3 Questions for NYU Stern Prof. David Yermack on Digital Currencies

dyermackDavid Yermack is the Albert Fingerhut Professor of Finance and Business Transformation at the NYU Stern School of Business and is the Director of the NYU Pollack Center for Law and Business. He is co-instructor for the NYU course on Bitcoin and Electronic Currencies. His essay “Is Bitcoin a Real Currency?” was published in The Handbook of Digital Currencies (Elsevier, 2015).

Prof. Yermack will be teaching a 2 day intro to digital currency course at NYU Stern on Nov 9-10, 2015. Learn more and apply today!

1.  How do you think digital currency is disrupting monetary payment systems?

“Companies in the payment processing industry are worth more than $500 billion, led by the big credit card companies such as Visa, MasterCard, and American Express.  The large commercial banks also have significant businesses in international money transfers, and there is a further industry of hardware and software companies such as ATM manufacturers.  All of these firms are vulnerable to the new technology underlying digital currency, which brings major innovations to the way that money is tracked, transferred, and secured.  You are starting to see the major players try to co-opt this technology before it undermines their business models.”

2.  What do you predict is the future of Bitcoin?

“There are about 100,000 Bitcoin transactions every day, and the growth rate is fast.  However, the Bitcoin network has too many bottlenecks and delays to handle worldwide commerce on a large scale, and there is no one who has the authority or responsibility to upgrade it.  So I think Bitcoin is likely to be displaced by successor digital currencies that build on its more clever aspects.  However, it’s not clear that money on a large scale will ever move beyond the control of national governments and be issued by autonomous computer networks, which is what Bitcoin’s creator envisioned.  There are too many macroeconomic problems that could occur if a government could not control its own money supply.”

3.  What should business leaders to be thinking about in terms of Bitcoin?

“Bitcoin relies on a radical change in information technology known as the “blockchain,” and this can be adapted to handle many business transactions involving property registration, self-executing contracts, derivative securities, and so forth.  A lot of organizations are doing research on blockchain applications, and that seems to be where the opportunities lie.”

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Prof. Nouriel Roubini: The Dollar Joins the Currency Wars

nroubiniIn a recent opinion editorial on Project Syndicate, Professor Nouriel Roubini argued that governments shouldn’t use currency wars to boost economic growth. While many central banks around the world have eased monetary policies to jumpstart growth, the US dollar has simultaneously strengthened against both advanced-country commodity exporters and fragile emerging markets.

However, in his op-ed, Professor Roubini warns of the dangers of the US joining the “currency war” to prevent the dollar’s appreciation:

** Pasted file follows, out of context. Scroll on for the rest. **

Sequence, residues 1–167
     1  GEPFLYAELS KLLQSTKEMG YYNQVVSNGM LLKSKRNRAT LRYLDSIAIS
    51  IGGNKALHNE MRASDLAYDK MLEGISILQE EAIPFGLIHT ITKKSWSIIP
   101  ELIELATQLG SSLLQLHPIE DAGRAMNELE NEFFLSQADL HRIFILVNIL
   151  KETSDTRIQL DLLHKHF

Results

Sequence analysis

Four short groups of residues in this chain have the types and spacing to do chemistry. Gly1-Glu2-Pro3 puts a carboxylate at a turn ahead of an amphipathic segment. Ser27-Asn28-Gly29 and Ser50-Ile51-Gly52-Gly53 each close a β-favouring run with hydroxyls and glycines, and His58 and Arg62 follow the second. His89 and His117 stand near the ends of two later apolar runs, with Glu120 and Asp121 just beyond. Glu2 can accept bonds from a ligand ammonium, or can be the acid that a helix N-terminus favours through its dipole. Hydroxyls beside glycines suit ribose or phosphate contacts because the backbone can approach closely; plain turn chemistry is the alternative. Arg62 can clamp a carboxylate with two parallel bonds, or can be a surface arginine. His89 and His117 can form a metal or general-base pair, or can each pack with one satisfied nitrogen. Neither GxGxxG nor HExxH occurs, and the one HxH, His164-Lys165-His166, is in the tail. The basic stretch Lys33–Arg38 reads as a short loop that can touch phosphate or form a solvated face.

…the US has effectively joined the “currency war” to prevent further dollar appreciation. Fed officials have started to speak explicitly about the dollar as a factor that affects net exports, inflation, and growth.‎ And the US authorities have become increasingly critical of Germany and the eurozone for adopting policies that weaken the euro while avoiding those – for example, temporary fiscal stimulus and faster wage growth – that boost domestic demand.

…Currency frictions can lead eventually to trade frictions, and currency wars can lead to trade wars. And that could spell trouble for the US as it tries to conclude the mega-regional Trans-Pacific Partnership. Uncertainty about whether the Obama administration can marshal enough votes in Congress to ratify the TPP has now been compounded by proposed legislation that would impose tariff duties on countries that engage in “currency manipulation.” If such a link between trade and currency policy were forced into the TPP, the Asian participants would refuse to join.

To read the entire opinion article on Project Syndicate, please click here.

Professor Roubini’s op ed was also covered by The GuardianLivemintMarketWatch and The Wall Street Journal.

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MSRM Professors to Teach in Upcoming Contemporary Finance Executive Short Course

PGB 190x190In an upcoming five day short course beginning June 1st 2015, MSRM Professors Ingo Walter, Edward Altman, Holger Mueller, Viral Acharya, and Stijn Van Nieuwerburgh will join NYU Stern Professors Aswath Damodaran, David Yermack and Baruch Lev to teach Contemporary Finance: Key Topics for Senior Executives and Board Members. Learn more about the course here.

Regulatory and market developments over the past decade have materially raised the bar on the degree of financial expertise demanded of senior managers and board members. Support of this belief can be found in McKinsey & Company’s recently released interview of ADP’s Jan Siegmund on broader expectations of the finance chief’s role.